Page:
Zanzibar isn’t just about the beaches, though that’s a major part of the appeal. But there’s much more to see and do on this Indian Ocean island chain. Here are just some of the highlights, wildlife to look out for, a guide to culture and cuisine and some useful travel tips.
The reefs around Mafia Island, Pemba and Mnemba Atoll, located just offshore from Matemwe, are brilliant places to go snorkelling or diving. There are plenty of other ways to get out on the ocean: kayaking, fishing or kitesurfing, for example. Don’t miss a romantic sundowner cruise on a traditional dhow boat. On the island, a visit to Stone Town is a must. Learn about the region’s long history on a tour along the narrow, winding lanes, around the Old Fort and through thrumming markets. Then of course, you must take advantage of Zanzibar’s ace card: it’s idyllic beaches and (almost) year-round hot, sunny weather. Put your feet up with a good book, a cold drink and relax.
The waters surrounding Zanzibar are rich with marine life. Pull on a mask and dive into the underwater world to see hawksbill turtles gliding through the water, pods of playful bottlenose dolphins, white-tip reef sharks, trumpetfish, blue-spotted rays, dugongs, nudibranchs and much more. From July to October, migrating humpback whales pass the islands. On land, there’s plenty to see, too. Take a walk through Jozani Forest to spot the Zanzibar red colobus monkey. The small blue duiker, suni antelope, bush-tailed mongoose and the African and small Indian civet, as well as around 240 species of birds can also be seen on the islands.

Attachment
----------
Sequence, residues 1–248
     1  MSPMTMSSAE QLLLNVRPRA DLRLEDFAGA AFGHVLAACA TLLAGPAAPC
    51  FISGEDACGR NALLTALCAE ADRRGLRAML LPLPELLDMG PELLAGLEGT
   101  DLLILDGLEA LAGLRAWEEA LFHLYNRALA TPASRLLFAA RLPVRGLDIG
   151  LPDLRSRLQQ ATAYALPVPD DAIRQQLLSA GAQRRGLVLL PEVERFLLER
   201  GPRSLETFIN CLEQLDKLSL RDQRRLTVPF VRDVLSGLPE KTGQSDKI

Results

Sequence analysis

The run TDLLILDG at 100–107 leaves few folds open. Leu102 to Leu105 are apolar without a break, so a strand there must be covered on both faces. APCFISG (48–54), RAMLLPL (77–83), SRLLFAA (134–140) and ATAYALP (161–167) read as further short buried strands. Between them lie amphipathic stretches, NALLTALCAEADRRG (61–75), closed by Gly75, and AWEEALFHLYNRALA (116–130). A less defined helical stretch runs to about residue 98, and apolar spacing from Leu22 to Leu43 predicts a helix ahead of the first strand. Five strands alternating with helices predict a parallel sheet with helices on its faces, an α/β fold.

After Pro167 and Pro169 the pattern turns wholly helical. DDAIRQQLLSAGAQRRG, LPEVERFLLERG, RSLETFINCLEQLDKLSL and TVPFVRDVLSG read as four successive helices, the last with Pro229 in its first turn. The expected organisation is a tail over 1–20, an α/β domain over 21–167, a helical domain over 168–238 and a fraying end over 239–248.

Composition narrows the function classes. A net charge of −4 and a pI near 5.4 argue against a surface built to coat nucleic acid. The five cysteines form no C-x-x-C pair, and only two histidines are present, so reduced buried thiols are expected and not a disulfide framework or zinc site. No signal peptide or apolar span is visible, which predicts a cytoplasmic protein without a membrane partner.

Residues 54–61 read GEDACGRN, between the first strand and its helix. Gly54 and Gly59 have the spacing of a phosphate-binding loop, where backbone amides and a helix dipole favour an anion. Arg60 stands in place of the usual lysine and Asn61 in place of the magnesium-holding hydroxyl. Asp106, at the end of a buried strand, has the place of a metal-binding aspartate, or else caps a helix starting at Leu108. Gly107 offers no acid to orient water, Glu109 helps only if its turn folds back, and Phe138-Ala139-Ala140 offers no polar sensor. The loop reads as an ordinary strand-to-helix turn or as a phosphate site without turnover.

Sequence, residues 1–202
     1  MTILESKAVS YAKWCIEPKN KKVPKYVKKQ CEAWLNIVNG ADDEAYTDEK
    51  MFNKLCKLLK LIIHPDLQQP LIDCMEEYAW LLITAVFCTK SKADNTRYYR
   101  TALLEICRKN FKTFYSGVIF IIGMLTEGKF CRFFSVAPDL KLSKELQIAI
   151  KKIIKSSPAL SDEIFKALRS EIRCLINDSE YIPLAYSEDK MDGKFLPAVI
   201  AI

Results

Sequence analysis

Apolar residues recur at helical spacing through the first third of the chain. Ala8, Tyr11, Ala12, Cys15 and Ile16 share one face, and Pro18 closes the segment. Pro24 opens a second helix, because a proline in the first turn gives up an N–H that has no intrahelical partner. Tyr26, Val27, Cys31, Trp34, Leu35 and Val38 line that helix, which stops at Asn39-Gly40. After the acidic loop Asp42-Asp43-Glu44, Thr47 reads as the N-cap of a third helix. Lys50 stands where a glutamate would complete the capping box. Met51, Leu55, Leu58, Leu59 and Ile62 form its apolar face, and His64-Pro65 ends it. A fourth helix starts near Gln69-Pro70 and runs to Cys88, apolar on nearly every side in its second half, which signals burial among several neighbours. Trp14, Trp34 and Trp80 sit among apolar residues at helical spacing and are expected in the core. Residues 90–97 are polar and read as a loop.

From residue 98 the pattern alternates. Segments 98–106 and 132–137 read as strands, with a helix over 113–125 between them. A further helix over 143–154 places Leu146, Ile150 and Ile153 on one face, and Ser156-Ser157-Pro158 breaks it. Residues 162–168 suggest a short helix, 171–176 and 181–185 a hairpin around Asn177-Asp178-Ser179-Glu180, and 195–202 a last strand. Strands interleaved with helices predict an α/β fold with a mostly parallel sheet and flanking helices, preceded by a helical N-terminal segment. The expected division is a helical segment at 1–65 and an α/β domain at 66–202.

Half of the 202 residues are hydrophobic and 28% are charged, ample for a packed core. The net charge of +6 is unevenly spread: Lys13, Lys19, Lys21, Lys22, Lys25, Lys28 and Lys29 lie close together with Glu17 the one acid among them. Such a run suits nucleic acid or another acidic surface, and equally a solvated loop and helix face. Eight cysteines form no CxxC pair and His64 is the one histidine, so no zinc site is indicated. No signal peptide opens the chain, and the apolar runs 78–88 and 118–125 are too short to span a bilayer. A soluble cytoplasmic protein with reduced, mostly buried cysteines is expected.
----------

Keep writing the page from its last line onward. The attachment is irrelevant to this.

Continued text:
Zanzibar is very different from mainland Tanzania. It’s a predominantly Muslim region, a religious community that dates back to the Arabic traders who arrived in the 8th century. Most people consider themselves Zanzibari rather than Tanzanian. Arabic is spoken alongside Kiswahili and English.
As you might expect for such a cultural melting pot, there’s a blend of cuisines in Zanzibar. From fresh prawns grilled on the barbecue to octopus curry, seafood is a staple ingredient. Indian dishes such as biryani and pilau are common, as well as Swahili curries, featuring fish and coconut chutney. Some quirky Zanzibari specialities include their version of pizza, similar to a calzone full of vegetables and/or meat, cheese, mayonnaise and egg, and urojo, a spiced coconut broth with potatoes, bhajias and crispy noodles, topped with an array of garnishes including boiled eggs, meat, cassava chips and hot chutney (and often more). At hotels, such as Asilia’s Matemwe properties, guests can sample some of the local cuisine as well as international dishes you may be missing from home.
General Travel Tips
• Besides English and Kiswahili, many people in Zanzibar speak Arabic. • The currency is the same as the mainland, the Tanzanian shilling. • Learn some Swahili, such as ‘Jambo’ and remember to greet people before starting a conversation, even if you just have a quick question. • Make sure you ask permission before filming or photographing anyone. • Almost all residents are Muslim. This means you should dress modestly in towns and villages, covering your shoulders and knees. This is especially important if you plan to visit any mosques. On the beach and in resorts, it’s fine to wear shorts, t-shirts and beachwear. • Ask permission before entering a mosque and remember to remove your shoes first.